As an effort to help address labor shortages, Hudson Community College recently partnered with Eastern Millwork Inc., in Jersey City, N.J., to establish a joint apprenticeship program. Integrated into an Associate of Applied Science degree in advanced manufacturing, the program is an expansion of the college’s workforce development efforts, allowing Eastern Millwork to train up to four qualified high school students per year.

In a press conference held by the Skilled Labor Fund amid the recent Design and Construction Week in Las Vegas, David Pekel, CEO of the National Association of the Remolding Industry, mentioned such programs, calling them out for their ability to expose high-school-aged students to job options. In turn, they also help to address the need for fresh talent throughout the construction and construction-related industries, Pekel explained.

“The current labor force is aging, and it’s the right time to change the narrative at the high school level,” said Pekel. “We’d like to work with the school systems, so that kids understand what their options are—be it the four-year college track, or trade school.”

The latter, Pekel explained, generally allows graduates to hit the ground running—with a job in tow—after finishing their respective programs.

Through a partnership with Eastern Millwork, the model deployed by Hudson Community College devotes three days per week to practical work experiences and one to industry-specific studies and training. Students’ fifth day each week is spent at the community college, where they’re engaged in coursework for related degrees.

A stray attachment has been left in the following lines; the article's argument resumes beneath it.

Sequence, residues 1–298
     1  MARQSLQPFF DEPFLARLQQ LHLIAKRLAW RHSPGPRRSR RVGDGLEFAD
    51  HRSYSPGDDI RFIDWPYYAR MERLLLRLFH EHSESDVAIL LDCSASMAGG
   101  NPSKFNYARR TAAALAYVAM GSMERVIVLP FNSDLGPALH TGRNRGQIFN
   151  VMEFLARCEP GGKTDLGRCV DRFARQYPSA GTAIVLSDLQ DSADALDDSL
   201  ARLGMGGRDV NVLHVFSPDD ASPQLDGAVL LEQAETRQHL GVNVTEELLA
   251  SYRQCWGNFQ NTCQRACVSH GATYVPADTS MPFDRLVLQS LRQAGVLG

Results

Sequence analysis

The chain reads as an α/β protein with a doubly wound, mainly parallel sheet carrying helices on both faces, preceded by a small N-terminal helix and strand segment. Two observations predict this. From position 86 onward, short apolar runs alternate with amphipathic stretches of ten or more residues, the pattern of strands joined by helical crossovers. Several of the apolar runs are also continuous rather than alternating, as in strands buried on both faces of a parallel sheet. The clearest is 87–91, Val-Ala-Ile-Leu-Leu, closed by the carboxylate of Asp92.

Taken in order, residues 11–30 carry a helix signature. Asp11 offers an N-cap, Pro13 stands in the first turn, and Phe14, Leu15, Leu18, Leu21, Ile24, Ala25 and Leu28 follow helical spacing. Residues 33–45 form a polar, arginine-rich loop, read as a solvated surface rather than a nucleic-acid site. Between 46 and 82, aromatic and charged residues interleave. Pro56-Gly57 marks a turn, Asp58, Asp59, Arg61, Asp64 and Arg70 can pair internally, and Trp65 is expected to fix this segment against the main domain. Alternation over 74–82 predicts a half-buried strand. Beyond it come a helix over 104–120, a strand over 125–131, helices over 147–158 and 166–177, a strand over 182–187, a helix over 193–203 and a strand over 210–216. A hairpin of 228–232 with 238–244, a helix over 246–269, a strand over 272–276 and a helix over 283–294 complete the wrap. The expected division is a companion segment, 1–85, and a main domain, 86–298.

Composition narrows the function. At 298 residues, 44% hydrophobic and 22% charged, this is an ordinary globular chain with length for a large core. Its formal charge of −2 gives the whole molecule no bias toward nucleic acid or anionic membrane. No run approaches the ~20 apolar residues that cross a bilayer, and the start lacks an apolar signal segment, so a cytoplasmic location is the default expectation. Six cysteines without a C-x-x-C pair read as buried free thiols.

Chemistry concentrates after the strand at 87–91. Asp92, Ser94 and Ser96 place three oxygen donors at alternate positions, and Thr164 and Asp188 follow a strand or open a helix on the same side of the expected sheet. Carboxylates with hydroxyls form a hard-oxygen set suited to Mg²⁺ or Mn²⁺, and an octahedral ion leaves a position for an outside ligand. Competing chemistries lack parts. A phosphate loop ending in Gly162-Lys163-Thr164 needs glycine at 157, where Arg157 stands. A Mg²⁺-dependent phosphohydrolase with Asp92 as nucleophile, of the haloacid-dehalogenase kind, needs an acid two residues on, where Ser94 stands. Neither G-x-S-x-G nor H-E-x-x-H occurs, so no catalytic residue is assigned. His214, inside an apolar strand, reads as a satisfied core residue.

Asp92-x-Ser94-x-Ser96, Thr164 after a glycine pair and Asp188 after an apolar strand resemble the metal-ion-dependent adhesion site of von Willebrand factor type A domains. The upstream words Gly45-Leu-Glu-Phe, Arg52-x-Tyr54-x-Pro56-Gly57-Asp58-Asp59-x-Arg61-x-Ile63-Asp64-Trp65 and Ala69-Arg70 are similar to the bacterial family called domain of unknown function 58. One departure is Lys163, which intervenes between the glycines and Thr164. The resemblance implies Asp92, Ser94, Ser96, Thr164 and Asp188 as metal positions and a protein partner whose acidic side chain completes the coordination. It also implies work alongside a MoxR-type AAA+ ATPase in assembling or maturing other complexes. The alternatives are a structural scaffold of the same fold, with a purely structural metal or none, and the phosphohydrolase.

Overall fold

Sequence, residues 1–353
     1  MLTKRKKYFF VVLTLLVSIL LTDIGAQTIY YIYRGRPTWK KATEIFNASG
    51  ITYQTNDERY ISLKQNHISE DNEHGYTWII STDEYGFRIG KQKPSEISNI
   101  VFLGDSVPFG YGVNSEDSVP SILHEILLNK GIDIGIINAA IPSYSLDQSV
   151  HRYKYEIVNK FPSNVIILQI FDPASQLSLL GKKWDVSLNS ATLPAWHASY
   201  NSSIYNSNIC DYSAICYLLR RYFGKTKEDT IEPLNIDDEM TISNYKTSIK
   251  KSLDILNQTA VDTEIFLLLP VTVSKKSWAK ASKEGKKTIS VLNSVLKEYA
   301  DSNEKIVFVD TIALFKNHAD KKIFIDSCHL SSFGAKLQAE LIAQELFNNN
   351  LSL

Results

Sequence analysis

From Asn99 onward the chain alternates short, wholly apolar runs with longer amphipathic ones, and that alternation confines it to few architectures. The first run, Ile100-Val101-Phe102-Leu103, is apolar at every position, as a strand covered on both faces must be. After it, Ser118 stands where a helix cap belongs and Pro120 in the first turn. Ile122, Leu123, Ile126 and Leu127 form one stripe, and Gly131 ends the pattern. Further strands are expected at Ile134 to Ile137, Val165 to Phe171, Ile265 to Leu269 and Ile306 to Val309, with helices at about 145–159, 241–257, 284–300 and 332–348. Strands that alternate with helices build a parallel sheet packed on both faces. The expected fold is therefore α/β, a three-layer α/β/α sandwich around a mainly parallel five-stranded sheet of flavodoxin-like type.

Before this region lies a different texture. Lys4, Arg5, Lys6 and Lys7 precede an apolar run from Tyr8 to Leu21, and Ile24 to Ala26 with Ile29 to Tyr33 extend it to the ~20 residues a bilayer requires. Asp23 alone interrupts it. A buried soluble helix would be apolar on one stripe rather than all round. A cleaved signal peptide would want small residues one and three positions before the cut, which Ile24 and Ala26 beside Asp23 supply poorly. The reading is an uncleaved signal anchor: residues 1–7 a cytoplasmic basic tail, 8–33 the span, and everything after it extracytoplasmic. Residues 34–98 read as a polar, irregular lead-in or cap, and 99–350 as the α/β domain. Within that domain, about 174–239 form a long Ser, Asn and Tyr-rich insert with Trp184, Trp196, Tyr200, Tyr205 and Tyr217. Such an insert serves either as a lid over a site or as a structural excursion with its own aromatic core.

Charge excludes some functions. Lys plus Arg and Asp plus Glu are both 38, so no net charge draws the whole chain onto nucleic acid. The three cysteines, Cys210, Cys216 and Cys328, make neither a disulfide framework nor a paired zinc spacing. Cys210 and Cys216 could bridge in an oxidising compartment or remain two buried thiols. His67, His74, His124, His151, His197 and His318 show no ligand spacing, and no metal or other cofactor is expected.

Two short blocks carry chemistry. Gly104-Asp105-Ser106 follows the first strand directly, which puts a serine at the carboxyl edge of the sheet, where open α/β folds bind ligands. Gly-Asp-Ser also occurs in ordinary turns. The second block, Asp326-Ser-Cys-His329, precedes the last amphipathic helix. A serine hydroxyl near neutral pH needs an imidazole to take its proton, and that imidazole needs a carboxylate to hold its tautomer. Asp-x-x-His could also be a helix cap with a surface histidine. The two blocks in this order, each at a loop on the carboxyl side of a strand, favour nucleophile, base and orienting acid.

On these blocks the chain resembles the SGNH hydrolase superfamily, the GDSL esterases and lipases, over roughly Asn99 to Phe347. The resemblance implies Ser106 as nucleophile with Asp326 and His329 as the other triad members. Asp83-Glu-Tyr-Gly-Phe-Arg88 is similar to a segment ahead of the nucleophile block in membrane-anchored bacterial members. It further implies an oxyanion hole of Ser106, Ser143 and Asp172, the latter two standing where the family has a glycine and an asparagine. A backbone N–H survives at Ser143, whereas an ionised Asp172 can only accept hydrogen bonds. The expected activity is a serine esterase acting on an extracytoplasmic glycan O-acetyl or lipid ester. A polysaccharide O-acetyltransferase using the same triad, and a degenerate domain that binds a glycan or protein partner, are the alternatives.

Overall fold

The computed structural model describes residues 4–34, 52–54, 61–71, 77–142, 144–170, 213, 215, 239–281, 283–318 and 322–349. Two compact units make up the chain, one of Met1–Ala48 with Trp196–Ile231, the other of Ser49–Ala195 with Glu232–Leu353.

To support training and job placement through fundraising efforts, Skilled Labor Fund and select operating committee members spoke to the press about root causes, current and ongoing challenges, and the fund’s main priorities.

“Our primary goals are to greatly expand the current number of high schools offering training in the trades and to financially support career fairs that bring together prospective works with trade industry professionals,” said Mark Pursell, CEO of the National Housing Endowment, which serves as fund administrator.

In 2016, Skilled Labor Fund implemented the Home Builders Institute Pre-Apprenticeship Certificate Training (PACT) program, offering classroom and hands-on training through construction trades.

“We have funded 15 schools to date through the Home Building Institute’s two-year post-high school program, and they are all at full capacity. We would like to add up to 40 more schools across the nation by 2020,” said Pursell.

1 Comment

  1. I have spoken with Tadar Muhammed, years ago about wanting to do a hybrid of the same FOR HIGH-SCHOOL Students. I work with youth in the schools, also juveniles & adult offenders in the DOC. I believe that the current job landscape is changing and one way to change the recidivism rate and impact poverty is by preparing our work-aged adolescents (ages 16+) with Trade Skills before college….

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